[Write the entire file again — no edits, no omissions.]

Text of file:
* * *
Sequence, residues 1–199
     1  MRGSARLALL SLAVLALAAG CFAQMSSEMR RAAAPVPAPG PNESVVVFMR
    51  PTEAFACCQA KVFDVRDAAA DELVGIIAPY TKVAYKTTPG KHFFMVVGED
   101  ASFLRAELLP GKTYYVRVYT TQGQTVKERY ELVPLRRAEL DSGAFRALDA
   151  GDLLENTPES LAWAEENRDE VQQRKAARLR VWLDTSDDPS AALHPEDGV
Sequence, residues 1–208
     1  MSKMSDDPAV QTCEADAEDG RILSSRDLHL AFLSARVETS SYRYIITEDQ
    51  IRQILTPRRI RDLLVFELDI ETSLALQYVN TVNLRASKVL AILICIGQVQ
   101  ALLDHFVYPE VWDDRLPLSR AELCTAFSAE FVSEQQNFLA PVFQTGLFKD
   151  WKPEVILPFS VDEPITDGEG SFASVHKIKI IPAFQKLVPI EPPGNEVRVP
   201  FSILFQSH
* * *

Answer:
Sequence, residues 1–199
     1  MRGSARLALL SLAVLALAAG CFAQMSSEMR RAAAPVPAPG PNESVVVFMR
    51  PTEAFACCQA KVFDVRDAAA DELVGIIAPY TKVAYKTTPG KHFFMVVGED
   101  ASFLRAELLP GKTYYVRVYT TQGQTVKERY ELVPLRRAEL DSGAFRALDA
   151  GDLLENTPES LAWAEENRDE VQQRKAARLR VWLDTSDDPS AALHPEDGV
Sequence, residues 1–208
     1  MSKMSDDPAV QTCEADAEDG RILSSRDLHL AFLSARVETS SYRYIITEDQ
    51  IRQILTPRRI RDLLVFELDI ETSLALQYVN TVNLRASKVL AILICIGQVQ
   101  ALLDHFVYPE VWDDRLPLSR AELCTAFSAE FVSEQQNFLA PVFQTGLFKD
   151  WKPEVILPFS VDEPITDGEG SFASVHKIKI IPAFQKLVPI EPPGNEVRVP
   201  FSILFQSH